My relationship with Bluetooth technologies over the years has been a rather stormy one. Despite having been in development for many years now and having gone through several fairly major revisions, Bluetooth as a standard still suffers from performance, security and compatibility concerns. One of my biggest pet peaves though is the “dreaded dongle.”

Although I haven’t written about it here, it is probably no secret to anyone who knows me that I recently purchased a Lenovo Thinkpad. To be precise, I purchased a model Z61m sub-model 9450a36. For whatever reason, perhaps Windows Vista support, Lenovo chose to not ship this z61m with integrated bluetooth, which is odd to me, given that every other z61m seems to list it as standard hardware. Most of my geek friends gave me the advice of “just use a dongle,” which I absolutely refuse to do for a variety of reasons.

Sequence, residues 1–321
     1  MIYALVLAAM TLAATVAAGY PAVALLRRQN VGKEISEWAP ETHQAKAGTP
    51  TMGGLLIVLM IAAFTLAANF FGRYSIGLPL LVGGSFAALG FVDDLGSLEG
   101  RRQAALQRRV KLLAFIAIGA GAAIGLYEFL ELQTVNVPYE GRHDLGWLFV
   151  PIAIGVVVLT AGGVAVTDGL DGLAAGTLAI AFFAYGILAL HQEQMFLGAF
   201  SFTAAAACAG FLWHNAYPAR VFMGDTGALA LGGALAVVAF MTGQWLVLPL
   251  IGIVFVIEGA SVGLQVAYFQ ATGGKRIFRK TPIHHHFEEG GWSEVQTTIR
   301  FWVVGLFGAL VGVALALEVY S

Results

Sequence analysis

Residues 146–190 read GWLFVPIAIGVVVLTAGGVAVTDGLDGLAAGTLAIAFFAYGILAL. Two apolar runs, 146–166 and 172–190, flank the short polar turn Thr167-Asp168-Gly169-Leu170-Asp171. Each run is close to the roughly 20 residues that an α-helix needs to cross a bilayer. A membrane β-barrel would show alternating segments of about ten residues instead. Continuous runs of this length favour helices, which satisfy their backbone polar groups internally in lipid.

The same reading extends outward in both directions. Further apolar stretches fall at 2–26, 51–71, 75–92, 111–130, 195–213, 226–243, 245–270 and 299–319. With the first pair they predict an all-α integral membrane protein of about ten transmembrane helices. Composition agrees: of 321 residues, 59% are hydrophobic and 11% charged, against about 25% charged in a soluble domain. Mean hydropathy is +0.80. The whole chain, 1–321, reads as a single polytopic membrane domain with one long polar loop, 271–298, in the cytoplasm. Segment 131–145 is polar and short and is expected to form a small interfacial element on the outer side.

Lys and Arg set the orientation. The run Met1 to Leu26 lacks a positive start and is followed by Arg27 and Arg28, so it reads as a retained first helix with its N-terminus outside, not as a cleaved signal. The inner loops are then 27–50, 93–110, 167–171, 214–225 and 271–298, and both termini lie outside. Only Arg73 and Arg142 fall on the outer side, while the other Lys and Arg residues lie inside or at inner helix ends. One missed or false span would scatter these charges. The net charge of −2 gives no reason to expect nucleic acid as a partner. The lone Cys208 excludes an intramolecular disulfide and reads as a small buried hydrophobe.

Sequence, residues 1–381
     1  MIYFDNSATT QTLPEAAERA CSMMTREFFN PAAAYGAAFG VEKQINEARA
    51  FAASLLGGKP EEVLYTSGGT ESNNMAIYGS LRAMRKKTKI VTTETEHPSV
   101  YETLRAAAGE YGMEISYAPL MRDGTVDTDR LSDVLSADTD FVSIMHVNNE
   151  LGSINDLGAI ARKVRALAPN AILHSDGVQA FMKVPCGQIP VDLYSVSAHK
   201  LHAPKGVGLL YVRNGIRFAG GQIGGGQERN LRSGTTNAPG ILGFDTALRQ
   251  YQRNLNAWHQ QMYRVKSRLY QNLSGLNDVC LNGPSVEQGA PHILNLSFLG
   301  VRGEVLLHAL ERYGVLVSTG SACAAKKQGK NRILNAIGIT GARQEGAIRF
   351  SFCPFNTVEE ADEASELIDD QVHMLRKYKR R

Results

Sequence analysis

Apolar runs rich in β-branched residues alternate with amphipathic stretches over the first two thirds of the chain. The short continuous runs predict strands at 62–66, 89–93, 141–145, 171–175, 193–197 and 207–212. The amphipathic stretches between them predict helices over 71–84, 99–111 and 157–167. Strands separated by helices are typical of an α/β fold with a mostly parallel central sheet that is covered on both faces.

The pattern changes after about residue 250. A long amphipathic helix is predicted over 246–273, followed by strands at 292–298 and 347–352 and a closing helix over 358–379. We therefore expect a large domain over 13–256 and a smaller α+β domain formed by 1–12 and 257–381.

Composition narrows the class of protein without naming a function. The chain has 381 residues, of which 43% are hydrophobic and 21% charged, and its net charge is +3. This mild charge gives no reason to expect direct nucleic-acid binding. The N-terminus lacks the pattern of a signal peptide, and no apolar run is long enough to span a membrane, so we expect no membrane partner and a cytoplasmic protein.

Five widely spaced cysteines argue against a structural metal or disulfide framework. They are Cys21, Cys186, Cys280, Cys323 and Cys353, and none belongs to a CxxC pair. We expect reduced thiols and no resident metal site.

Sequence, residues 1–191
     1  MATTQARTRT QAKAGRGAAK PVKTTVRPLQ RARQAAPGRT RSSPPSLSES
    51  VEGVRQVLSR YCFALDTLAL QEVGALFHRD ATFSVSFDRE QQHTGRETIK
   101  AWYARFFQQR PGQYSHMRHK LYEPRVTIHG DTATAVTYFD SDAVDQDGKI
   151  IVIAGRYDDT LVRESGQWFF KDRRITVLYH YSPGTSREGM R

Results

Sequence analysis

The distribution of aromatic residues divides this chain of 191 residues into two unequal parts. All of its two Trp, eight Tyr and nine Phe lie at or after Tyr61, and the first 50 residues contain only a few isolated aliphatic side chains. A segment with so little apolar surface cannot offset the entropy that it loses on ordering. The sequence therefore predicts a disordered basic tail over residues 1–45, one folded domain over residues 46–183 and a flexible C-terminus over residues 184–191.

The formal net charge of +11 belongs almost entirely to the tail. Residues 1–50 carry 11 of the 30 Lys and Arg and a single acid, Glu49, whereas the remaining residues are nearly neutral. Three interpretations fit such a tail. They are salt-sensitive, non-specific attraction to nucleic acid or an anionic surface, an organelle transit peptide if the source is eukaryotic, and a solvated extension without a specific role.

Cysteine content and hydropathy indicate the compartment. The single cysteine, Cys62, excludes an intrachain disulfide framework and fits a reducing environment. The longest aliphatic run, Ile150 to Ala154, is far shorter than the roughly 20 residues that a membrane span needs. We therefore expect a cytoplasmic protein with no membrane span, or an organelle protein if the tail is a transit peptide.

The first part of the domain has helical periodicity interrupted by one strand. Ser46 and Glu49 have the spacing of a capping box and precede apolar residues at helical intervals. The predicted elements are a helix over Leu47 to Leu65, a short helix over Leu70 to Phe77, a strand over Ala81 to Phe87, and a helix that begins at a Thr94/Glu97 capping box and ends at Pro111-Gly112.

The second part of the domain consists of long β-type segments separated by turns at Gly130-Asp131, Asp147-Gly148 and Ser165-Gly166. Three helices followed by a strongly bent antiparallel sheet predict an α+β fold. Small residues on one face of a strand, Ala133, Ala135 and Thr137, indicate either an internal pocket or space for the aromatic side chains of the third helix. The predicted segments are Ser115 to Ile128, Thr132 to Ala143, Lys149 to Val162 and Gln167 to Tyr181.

Chief among these reasons is that dongles jut out from the side of the notebook, which makes it an easy target for an accident waiting to happen. A $10 bluetooth dongle impacting or entangling with something can kill not just the dongle, but also the laptop which costs 100 or more times as much, or can damage the USB port. I do enough laptop repair in my line of work to know that this is one of the more common physical maladies to befall laptops. Another issue with dongles is that they are small and easily lost, or require you to dig through your bag to find them every time you want to use it. About the only dongle I would consider using is the diminutive Mogo Dapter, which barely extends past the USB port and has a rounded profile to minimize the chance of entanglement. This is basically a dongle that is designed to be left in all the time. Unfortunately, like so many wonderful James Bond inspired gadgets, this one is vapor, at least until the stated release date in June. Like with so many gadgets, I will believe it when I can buy it.